The local government of Arizona should necessarily adopt new policies to respond to the demands of the Hualapai people. Rolstad, Mahoney, and Glass made a clearer review of the recent language policy in the state of Arizona. These authors also highlighted the educational program options for the learners of English language and fashioned a widespread study on the efficacy of bilingual education. Furthermore, they conducted the effectiveness of the bilingual education programbased on the findings of the study. As a result, these authors substantiated that bilingual education exhibited positive outcomes. The current language policy, which prohibited students to speak bilanguage languages, did not even help the learners to study and progress in life. It seemed hard to explain why the government officials and the academic experts instituted the Proposition 203 despite the favorable and constructive results of bilingual education. As concluded, the current language state policy should consider any empirical evidence to recommend bilingual education and reject Proposition 203 in the local community.

Final Thoughts

In the end, the Arizona government could have access to oil reserves in Hualapai lands through serious dialogs. Firstly, the local government should revive the Bilingual Education and institute it in all Native American Tribes. Such move to recuperate Bilingual Education would surely cost the local government; nonetheless, Douglas Ducey might need it to implement the demands of the Hualapai people considering the demand of oil reserves in the region. Since the United States government bestowed the Hualapai lands to them, the local government of Arizona does not have the legal status to own and use the property without permission. Of course, the government should not use its powers and forces to harass its people. Bearing the legal rights and privileges of the Native American Indians, the local government of Arizona should think of the best strategy and plan to offer if it would not revive the Bilingual Education (August, Shanahan, and Escamilla 18). Therefore, the local government of Arizona should comply with the demands of the Hualapai people or should provide an alternative that would satisfy the demands of Hualapai people.

Douglas Ducey and His Response Policies

Before Governor Douglas Ducey would respond to the demands of the Hualapai people, he and his team should consider drafting important policies to negotiate with the Hualapai representatives:

a) Restating the Bilingual Language Policy

Governor Douglas Ducey could agree with the Bilingual Education by abolishing the Proposition 203. However, he could promise to implement Bilingual Education to the Hualapai and other tribes if he did not have options to take. If the regions did possessa large number of deposits of oil that would sustain the local government to have enough energy resources, then Governor Douglas Ducey had to realize the need to terminate the Proposition 203 as the only demands staged by the Hualapai group of people. Since the curriculums were available since 1975, it would be easy for the elementary and high school curriculums to offer Bilingual Education and to provide six certified Hualapai teachers and White American educators. Since Hualapai students are only a few, the local government could still accommodate them with several classrooms and other learning materials. Of course, such move has been costly due to the demands of books, documents to process the course curriculums, reviews, and technical dissemination of data and other resources, and reading materials, salaries for the Hualapai and other Native American Indian teachers, White American educators, and their teaching assistants. However, Governor Douglas Ducey would only initiate one tribe first to implement the Bilingual Education as an academic policy and promise to recommend other Bilingual Education of all tribes in the regions. Perhaps, Governor Douglas Ducey should dialogue with the Hualapai tribe first, and then he needed to talk to all representatives to other tribes to discuss their needs to adopt the suggested language policies (August, Shanahan, and Escamilla 436). It would be necessary that Governor Douglas Ducey and his team should negotiate first with some of the representatives and conduct a pilot study if adopting Bilingual Education as an academic language policy before they would implement it to all the designated tribe.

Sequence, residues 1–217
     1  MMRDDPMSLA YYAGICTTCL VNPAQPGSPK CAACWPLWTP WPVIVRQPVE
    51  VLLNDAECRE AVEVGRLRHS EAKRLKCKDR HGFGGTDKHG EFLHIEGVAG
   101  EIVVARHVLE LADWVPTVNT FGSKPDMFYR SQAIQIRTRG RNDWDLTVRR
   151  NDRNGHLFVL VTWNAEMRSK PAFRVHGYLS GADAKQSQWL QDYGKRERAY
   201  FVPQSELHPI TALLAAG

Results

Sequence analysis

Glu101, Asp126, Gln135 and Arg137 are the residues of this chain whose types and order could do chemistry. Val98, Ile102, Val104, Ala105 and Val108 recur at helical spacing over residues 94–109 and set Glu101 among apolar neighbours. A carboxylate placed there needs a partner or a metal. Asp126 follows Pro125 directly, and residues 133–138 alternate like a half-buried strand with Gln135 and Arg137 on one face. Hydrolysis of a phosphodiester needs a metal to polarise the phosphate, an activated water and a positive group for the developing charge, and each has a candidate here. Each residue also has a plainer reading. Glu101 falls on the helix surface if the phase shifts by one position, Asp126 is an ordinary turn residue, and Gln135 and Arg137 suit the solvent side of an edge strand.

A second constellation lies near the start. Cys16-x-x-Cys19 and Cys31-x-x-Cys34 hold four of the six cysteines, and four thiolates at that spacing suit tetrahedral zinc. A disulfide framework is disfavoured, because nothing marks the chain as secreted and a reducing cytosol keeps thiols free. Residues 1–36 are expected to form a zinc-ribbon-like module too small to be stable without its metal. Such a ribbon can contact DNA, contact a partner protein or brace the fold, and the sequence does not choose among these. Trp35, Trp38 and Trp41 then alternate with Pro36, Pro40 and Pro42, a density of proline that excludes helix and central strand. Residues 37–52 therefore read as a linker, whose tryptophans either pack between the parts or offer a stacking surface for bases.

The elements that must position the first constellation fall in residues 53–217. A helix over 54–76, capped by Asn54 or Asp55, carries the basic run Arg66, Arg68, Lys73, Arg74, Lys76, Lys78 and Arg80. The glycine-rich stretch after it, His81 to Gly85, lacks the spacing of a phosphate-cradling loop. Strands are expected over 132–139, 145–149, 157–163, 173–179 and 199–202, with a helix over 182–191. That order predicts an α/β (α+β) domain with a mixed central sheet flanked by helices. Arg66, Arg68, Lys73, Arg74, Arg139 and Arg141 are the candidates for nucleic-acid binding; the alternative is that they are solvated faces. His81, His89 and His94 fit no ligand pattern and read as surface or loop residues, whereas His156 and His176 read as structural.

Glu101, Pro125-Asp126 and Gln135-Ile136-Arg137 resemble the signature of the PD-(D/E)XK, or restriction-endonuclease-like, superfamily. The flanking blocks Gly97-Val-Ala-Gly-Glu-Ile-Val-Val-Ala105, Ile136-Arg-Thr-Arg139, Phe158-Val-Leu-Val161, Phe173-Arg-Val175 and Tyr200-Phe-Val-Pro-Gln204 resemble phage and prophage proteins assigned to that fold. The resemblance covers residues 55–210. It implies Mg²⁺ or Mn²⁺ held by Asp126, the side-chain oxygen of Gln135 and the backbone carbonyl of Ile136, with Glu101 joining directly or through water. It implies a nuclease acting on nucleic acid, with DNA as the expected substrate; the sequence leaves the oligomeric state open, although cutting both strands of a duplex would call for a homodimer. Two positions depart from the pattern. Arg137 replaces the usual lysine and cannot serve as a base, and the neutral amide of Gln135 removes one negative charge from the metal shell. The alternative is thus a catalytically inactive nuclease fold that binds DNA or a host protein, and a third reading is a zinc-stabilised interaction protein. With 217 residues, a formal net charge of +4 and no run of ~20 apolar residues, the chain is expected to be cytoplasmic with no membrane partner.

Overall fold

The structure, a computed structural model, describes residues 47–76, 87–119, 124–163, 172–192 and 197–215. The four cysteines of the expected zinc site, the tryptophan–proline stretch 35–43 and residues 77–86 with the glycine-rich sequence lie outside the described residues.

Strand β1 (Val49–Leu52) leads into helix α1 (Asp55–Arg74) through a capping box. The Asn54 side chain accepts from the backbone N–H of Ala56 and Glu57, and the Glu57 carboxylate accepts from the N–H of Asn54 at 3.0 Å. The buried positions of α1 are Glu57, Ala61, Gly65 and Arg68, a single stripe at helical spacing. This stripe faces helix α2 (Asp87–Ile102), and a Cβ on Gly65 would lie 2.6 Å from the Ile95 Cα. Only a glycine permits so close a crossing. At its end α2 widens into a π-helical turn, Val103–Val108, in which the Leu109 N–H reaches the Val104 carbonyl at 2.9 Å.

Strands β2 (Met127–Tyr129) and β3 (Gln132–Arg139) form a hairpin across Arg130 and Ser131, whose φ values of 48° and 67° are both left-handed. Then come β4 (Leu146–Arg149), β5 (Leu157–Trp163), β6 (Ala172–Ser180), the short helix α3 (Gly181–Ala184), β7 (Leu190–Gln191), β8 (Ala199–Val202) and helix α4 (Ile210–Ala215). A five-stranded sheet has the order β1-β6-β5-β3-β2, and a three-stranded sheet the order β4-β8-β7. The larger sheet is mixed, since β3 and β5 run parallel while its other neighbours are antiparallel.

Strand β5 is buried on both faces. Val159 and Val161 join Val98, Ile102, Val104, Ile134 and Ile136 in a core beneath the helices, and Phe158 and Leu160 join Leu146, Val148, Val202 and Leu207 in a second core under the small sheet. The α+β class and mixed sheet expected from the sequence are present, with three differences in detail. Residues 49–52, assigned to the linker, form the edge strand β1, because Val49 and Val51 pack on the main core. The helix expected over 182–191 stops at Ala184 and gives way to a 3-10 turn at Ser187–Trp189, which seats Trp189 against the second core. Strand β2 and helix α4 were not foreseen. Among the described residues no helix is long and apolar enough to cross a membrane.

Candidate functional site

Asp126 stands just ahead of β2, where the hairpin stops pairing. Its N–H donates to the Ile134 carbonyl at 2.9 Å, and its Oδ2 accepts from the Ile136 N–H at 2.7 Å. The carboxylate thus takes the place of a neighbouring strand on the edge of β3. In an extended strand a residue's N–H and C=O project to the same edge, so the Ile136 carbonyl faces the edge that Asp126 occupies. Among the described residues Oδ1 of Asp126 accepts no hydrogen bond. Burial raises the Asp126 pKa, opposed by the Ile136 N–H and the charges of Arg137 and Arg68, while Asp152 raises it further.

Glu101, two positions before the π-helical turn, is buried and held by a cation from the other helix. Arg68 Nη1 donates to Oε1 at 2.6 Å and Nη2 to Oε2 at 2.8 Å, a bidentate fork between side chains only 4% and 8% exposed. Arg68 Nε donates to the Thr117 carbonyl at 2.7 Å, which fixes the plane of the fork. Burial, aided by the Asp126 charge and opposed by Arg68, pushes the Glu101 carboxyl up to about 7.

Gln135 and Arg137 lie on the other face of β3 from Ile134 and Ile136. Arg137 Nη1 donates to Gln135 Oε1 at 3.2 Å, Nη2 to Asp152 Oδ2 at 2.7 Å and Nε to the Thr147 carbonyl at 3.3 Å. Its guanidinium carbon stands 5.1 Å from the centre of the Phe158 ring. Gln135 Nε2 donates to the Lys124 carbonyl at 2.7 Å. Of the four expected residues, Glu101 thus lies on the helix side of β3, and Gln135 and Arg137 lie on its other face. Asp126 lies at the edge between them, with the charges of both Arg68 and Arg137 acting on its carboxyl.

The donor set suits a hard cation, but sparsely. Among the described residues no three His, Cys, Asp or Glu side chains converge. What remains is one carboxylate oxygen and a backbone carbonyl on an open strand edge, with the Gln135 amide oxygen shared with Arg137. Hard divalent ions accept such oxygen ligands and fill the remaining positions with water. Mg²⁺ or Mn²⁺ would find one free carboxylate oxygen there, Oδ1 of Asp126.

b) Promoting Tourism through Building Museums for the Native American Tribes

The local government of Arizona could also endorse tourism and other museum services for the Native American tribes. Governor Douglas Ducey shifted from the Bilingual Education to build a museum for the Hualapai tribe within their community and the city. The construction of the museums in the local community and in the city would serve as a protection of their culture. He should also focus on empowering the Hualapai people by preserving their culture through constructing museums. In other words, the local government should further help the Hualapai people and open their museum to the public for tourism purposes (White 342). Building museums did not demand much money for the construction of museums and for the promotion of their cultural heritage. More likely, the Hualapai tribe should favor the museum program where galleries and exhibition centers would contain all artifacts and relics and visual technologies to show the history of the Hualapai people and their existence in North America. Moreover, the local government should also help the Hualapai communities to have access to the entrepreneurial activities so that they could build their own businesses. If the local government helped the Hualapai people to promote their language artifacts and Hualapai symbols to the local and foreign tourists in the exhibition halls, then these people would still value their culture and tradition while preserving their language from their day-to-day conversations (Anyon, Ferguson, Jackson, and Lane 16). Hence, the local government of Arizona could also recommend cultural and social tourism through the construction of rural and urban museums and services for all the Native American tribes.

c) Health and Livelihood Programs versus Bilingual Education for Hualapai Tribe